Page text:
'Shark Tank's Amber Charging Stations Aren't Coming To a Bar Near You ... Yet
I can't go a single day without my phone dying. Gone are the days of Nokia brick phones that last for days on one charge but sound like you're talking through a coffee filter, and here are the days of next-step-hoverboard technology, but you better have a charger in your purse if you want to use it for more than two hours. Amber, a lockable phone charging station debuting on the Season 6 premiere of Shark Tank, is here to ease your "I'm at 10 percent" woes.
Founded by George Shuey and Kyle Byrd, two recent graduates of James Madison University, Amber is designed to be installed in restaurants, bars, malls, airports, or any public space where patrons might need a charge. With seven compartments in each device, the idea is to safely secure your phone as it charges using a fingerprint scan as your key, while you enjoy the establishment. Have another drink, go buy some magazines — your phone is fine! Products that don't have any proven sales yet are always a tough sell, but Amber is coming from a true start-up state of mind: it's solving a need that people are clamoring for a solution to. With that in mind, businesses won't be able to spend their $1,200 quick enough to get Amber on their walls; maybe with a little help from the sharks, Shuey and Byrd can even make their estimated March 2015 debut date come a little sooner.
Your customer needs this, you need this
Amber's sales tactic is all about market research and driving revenue for your business. Just ask them how much money Amber will make for you — they're very upfront about it. Their marketing is customer retention based: as a business, you're a lot more likely to keep someone around if they can keep a full (and secure) charge in your establishment. It's not just a service, it's a revenue generator. In addition to keeping customers spending their money longer, it's also touted to bring in new money, as people can locate establishments that offer Amber through the Amber locator app. It's all about customer satisfaction, according to their website: "Not offering mobile charging is like not offering a restroom."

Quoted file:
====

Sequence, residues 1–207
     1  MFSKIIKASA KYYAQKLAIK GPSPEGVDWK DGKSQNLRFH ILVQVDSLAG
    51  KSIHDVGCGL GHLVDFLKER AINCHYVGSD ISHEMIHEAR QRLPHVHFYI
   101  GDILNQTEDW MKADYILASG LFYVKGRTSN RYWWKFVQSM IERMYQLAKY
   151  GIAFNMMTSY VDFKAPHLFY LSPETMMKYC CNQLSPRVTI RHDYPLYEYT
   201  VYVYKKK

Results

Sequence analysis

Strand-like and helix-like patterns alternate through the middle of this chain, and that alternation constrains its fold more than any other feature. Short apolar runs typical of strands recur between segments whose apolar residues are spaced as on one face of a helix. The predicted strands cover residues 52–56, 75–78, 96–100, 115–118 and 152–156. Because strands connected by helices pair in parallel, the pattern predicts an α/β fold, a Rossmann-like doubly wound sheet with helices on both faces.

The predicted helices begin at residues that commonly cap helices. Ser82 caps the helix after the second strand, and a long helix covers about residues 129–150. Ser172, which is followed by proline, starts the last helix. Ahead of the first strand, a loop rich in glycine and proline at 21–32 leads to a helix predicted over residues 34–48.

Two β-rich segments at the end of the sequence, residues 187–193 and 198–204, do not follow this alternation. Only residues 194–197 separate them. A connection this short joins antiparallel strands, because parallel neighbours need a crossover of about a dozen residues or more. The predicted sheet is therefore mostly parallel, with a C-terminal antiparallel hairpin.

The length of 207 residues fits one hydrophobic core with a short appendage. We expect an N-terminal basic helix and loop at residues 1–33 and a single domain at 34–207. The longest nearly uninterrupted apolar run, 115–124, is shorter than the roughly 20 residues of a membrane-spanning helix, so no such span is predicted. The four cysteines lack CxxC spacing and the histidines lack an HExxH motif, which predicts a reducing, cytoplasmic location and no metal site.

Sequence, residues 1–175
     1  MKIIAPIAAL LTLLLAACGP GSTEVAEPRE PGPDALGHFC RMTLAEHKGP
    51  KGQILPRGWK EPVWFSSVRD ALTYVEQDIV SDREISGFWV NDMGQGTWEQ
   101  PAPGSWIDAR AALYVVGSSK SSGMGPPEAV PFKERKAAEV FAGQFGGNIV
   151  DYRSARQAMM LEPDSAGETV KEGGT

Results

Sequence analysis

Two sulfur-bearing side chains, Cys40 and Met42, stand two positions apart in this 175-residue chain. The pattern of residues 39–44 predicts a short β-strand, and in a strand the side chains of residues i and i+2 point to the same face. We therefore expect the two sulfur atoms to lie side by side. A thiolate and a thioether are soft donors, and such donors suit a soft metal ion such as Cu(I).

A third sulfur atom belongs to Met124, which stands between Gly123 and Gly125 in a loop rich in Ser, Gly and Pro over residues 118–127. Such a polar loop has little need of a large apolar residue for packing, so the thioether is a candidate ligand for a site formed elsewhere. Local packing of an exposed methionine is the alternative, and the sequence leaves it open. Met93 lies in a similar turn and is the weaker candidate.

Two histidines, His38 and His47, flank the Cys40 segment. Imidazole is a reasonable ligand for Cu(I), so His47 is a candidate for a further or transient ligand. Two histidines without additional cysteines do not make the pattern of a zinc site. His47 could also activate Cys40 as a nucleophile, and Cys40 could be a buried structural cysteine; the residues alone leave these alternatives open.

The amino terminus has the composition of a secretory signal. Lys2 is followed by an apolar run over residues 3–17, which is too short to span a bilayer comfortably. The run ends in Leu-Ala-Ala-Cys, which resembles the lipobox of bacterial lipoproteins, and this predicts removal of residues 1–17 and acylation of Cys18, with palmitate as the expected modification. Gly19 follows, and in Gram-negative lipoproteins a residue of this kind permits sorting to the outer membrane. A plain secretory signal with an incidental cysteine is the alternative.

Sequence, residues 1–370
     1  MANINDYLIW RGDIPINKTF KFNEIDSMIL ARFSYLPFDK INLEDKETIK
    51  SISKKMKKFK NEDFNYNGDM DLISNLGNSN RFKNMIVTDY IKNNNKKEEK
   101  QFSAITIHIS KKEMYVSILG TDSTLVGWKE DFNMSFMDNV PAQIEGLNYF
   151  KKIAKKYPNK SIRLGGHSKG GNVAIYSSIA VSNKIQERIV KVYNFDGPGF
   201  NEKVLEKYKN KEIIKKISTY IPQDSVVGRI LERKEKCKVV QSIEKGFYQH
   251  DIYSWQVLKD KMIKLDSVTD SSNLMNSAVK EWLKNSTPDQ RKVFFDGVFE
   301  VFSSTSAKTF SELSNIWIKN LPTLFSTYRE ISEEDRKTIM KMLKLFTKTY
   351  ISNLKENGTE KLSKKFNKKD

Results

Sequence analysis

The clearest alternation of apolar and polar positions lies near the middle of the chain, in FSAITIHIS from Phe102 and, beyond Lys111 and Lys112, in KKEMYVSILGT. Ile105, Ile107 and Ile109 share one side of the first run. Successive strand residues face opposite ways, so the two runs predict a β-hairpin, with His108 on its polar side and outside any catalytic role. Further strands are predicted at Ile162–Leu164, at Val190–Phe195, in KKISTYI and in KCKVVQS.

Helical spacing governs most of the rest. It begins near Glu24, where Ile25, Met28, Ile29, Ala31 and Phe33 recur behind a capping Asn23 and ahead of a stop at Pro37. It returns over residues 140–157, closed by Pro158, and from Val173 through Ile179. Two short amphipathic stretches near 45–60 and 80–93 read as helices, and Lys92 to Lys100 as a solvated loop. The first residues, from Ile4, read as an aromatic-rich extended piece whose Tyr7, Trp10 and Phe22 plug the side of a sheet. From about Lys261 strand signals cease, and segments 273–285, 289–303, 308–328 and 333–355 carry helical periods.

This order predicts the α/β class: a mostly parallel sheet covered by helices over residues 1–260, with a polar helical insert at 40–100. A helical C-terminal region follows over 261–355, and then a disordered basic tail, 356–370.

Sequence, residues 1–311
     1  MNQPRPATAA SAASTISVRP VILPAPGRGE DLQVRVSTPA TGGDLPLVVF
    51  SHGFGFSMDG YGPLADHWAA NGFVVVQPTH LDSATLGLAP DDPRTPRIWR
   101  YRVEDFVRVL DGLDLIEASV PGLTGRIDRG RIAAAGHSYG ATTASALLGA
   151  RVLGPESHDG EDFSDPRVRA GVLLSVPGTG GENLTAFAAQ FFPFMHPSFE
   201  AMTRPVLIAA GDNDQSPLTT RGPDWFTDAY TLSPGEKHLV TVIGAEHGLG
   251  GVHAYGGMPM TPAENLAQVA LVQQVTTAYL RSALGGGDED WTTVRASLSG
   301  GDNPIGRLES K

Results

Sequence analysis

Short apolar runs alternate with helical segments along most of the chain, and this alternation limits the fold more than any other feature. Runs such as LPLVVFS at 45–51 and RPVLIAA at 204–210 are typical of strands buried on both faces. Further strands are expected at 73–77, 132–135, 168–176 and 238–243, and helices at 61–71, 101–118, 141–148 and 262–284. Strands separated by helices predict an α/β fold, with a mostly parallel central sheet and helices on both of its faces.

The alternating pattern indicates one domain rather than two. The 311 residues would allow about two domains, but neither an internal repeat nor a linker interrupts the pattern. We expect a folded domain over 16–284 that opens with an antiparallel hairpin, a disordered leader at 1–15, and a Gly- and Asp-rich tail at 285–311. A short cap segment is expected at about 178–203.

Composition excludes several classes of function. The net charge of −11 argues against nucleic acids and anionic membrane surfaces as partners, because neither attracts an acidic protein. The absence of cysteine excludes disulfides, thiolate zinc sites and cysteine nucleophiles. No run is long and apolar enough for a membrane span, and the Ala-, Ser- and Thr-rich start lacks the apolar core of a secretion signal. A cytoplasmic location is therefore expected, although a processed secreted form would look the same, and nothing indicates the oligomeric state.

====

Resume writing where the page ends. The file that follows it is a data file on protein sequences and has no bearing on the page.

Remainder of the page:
This is a high tech world
Amber will pitch that their product is the future, and they're probably right. Unique customer experiences "drive loyalty," they say, and it doesn't get much more unique than using a biometric finger print scanner to check your phone into a charging compartment while you eat tapas. It's up to each establishment if they charge money or use any sort of rewards system for the services, but Amber assures that it's setup is so simple, it's ready for use the day it arrives on your business' door step. The device doesn't store data or your prints and is designed to be able to adapt to new kinds of technology upgrades that will require new chargers.
The sharks will see themselves in the founders
Byrd and Shuey are entrepreneurs at heart: even more than being on the cutting edge of technology, they're solving a problem that needs solving. This might not be Daymond or Lori's area of expertise, but if the business plan is solid, I see Robert and Mark jumping all over this (and Mr. Wonderful offering some terrible deal that he'll eventually have to level up to the others). This one should be a showdown.